Sources: bar magnet (annotated with a red "X"), aluminum can (annotated with a green "OK" check mark)
Beautiful video and demonstration, thank you!
That magnet in microgravity doesn't actually orient itself at all
I watched the video carefully and at
00:44 the first time the magnet is released it is pretty far away from the aligned direction and it does not "immediately orients itself to the magnetic field of the earth." Instead it oscillates dramatically about that point as energy is exchanged between kinetic and potential.
Eventually eddy current losses and viscous drag losses in the air would damp it down (loosing it's energy by heating the magnet and the air) and it would then look like a 3D magnetic compass.
Only two seconds later at
00:46 game developer and private astronaut Richard Garriott(?) recognizes the oscillations are to large, grabs it, and tries twice more until at
00:54 when they re-release it close to the median point, where it still oscillates at the same frequency but at a lower amplitude.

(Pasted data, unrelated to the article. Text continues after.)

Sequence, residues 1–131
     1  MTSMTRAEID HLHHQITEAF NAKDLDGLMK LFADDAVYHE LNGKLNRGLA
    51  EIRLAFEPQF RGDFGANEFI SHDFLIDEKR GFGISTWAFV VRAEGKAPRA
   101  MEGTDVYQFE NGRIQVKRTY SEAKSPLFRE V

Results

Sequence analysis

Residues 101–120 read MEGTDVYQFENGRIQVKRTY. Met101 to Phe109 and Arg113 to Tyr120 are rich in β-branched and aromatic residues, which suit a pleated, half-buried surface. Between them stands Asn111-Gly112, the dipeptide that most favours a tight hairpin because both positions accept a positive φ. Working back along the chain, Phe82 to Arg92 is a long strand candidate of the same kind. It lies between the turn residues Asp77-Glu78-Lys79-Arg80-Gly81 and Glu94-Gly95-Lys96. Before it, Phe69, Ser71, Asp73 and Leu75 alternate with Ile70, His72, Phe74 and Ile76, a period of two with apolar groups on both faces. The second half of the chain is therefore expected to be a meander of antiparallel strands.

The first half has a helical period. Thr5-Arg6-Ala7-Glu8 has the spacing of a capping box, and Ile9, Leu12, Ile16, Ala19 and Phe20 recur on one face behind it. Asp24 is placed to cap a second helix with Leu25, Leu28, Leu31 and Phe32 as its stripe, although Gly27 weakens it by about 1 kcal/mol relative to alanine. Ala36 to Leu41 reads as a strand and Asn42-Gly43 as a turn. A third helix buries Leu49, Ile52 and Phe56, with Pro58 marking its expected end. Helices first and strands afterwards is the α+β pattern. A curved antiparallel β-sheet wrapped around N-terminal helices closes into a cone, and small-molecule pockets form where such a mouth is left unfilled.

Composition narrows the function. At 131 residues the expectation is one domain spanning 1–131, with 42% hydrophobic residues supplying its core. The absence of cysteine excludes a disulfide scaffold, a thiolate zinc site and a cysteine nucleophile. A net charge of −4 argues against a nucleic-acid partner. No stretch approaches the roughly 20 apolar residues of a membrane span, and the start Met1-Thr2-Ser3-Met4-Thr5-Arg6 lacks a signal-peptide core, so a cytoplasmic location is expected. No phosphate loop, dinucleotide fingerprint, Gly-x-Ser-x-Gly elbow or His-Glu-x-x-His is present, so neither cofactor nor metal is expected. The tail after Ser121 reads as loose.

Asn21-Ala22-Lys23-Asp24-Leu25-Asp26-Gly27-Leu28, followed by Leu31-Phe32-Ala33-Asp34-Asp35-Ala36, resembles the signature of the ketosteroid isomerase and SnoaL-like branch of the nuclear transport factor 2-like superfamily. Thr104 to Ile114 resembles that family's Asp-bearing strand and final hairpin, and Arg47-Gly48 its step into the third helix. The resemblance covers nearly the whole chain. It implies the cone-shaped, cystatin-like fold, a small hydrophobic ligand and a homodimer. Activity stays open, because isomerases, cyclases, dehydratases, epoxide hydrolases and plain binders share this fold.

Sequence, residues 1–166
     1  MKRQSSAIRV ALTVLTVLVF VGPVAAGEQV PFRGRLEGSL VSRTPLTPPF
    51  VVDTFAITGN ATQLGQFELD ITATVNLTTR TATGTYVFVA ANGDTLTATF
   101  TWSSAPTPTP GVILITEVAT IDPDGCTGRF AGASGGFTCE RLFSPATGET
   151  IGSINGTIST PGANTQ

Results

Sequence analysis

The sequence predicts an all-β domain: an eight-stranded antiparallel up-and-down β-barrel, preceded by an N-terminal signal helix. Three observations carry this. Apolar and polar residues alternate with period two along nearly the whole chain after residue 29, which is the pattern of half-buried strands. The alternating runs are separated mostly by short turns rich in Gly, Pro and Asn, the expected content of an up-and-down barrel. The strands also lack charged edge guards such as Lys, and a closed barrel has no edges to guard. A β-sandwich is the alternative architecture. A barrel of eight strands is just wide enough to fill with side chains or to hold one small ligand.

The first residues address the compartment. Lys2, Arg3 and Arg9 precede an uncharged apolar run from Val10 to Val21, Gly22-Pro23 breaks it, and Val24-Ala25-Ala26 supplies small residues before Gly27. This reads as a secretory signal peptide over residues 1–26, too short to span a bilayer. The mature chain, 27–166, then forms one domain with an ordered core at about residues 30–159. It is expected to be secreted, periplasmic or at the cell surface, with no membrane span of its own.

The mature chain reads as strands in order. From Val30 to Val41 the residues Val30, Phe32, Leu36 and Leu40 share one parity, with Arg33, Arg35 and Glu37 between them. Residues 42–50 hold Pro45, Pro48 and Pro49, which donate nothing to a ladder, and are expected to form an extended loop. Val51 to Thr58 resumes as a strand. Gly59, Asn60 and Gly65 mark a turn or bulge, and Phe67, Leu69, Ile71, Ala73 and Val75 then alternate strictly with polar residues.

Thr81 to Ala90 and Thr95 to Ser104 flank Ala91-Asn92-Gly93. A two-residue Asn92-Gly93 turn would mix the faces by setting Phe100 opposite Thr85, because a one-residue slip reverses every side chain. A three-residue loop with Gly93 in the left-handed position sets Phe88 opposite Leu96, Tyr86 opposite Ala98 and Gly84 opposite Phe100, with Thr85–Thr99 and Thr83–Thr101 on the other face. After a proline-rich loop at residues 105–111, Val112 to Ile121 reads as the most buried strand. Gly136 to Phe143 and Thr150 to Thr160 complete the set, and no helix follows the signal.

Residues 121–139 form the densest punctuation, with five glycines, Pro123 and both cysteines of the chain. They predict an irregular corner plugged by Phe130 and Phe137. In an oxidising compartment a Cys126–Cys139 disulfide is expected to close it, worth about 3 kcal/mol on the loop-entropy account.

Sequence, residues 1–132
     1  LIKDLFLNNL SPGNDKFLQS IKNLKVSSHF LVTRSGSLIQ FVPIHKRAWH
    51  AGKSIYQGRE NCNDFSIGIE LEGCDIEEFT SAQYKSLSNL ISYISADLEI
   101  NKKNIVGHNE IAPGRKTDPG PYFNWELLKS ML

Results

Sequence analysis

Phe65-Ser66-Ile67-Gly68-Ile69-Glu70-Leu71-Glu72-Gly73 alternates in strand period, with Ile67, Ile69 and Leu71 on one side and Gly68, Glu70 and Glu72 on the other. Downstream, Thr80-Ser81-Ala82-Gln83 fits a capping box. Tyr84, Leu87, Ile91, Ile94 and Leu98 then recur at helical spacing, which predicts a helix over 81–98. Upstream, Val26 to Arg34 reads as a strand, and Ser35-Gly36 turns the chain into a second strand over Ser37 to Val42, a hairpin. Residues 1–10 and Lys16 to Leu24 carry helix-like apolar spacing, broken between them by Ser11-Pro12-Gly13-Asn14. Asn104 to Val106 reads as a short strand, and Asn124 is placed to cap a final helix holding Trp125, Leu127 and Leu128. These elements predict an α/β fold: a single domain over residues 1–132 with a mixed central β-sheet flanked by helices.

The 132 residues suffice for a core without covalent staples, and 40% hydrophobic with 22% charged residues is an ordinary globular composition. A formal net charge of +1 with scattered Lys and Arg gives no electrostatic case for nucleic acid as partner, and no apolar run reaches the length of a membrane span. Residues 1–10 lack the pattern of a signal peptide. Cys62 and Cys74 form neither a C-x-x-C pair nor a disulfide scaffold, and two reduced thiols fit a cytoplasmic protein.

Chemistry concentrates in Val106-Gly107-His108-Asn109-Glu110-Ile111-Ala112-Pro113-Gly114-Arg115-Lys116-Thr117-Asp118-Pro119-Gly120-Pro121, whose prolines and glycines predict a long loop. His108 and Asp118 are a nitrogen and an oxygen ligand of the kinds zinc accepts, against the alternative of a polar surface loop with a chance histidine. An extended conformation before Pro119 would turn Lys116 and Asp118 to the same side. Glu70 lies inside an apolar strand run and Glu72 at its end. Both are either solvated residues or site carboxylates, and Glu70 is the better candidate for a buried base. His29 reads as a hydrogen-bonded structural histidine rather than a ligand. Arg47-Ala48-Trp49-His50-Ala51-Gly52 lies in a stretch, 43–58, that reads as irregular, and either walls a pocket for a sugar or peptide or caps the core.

The ISS is not a bar magnet, it's an aluminum can!
The actual bar magnet that wealthy game developer and amateur science video maker Garriott uses is no model for a mostly-aluminum structure in space.
While as @OrganicMarble points out the station's structure is primarily aluminum, there will be enough ferromagnetic material with some residual magnetization (unless everything sent up is methodically degaussed, which is always a possibility) some permanent magnets inside motors with imperfect return yokes, and of course some loops of current that all together are likely to result in at least a tiny residual magnetic moment for the ISS.
Even a good captain of a wooden ship will (presumably) do both "soft iron" and "hard iron" corrections for the compass every time a substantial change has been made to the metal content of the ship.
But mostly you should think of the ISS as more of a non-magnetic aluminum can than a bar magnet.
The ISS is already spinning quite nicely
It orbits the Earth every 90+ minutes and in order to keep its down-side-down it also rotates about one of its own axes every 90 minutes as well. There's a lot of angular momentum stored there and that probably dominates any interaction between any residual magnetic moment and Earth's field.
It also works very hard to maintain that state.
And if it lost that ability to control its attitude and rotation, atmospheric drag (a very lossy and damping influence) would either forcefully align the ISS to a new equilibrium rotation state with a minimum drag orientation, or cause it to spin and tumble wildly.